A solar eclipse will dazzle parts of the US next week for the first time since 2017 — and here’s how to soak up the sight.
The moon will partially block the sun in the early hours of June 10, creating “a dark disk on top of a larger, bright disk,” according to NASA.
The spectacular event, known as an annular solar eclipse, will be visible in northeastern U.S between 4:12 a.m. and 9:11 a.m. — with peak visual times varying by location.
In New York City, skywatchers can catch the best views at 5:35 a.m. with 73 percent of the sun covered — giving it the look of a white-hot crescent moon, according to the Farmer’s Almanac.
In Chicago, the maximum eclipse will be visible at 5:15 a.m. when the sun is 82 percent covered.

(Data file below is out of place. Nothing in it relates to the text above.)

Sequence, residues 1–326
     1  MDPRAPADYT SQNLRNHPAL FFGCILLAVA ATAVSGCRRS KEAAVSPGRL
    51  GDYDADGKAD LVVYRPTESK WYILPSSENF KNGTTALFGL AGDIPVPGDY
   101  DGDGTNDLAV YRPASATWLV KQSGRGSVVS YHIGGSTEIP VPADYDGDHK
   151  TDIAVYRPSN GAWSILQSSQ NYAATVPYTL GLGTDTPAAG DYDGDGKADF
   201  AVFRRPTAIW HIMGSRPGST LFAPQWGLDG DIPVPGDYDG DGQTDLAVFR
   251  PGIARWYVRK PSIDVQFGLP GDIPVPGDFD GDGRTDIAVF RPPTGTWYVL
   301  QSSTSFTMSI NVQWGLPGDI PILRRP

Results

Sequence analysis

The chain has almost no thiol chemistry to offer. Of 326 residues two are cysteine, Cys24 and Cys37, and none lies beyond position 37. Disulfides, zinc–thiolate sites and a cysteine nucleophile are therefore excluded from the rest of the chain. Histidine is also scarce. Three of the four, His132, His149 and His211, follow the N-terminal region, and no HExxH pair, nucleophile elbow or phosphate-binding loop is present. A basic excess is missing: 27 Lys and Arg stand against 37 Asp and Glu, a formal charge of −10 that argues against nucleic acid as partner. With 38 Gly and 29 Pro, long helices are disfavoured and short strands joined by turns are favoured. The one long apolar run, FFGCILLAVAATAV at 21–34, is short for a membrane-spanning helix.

Overall, the eclipse will be partially visible between Savannah, Georgia and Alberta, Canada while parts of Greenland and northern Russia will experience the full “ring of fire” effect.
Experts urge viewers to use eye protection such as special “eclipse glasses” or indirect homemade or other devices — such as a pinhole device — to project the sun’s image safely.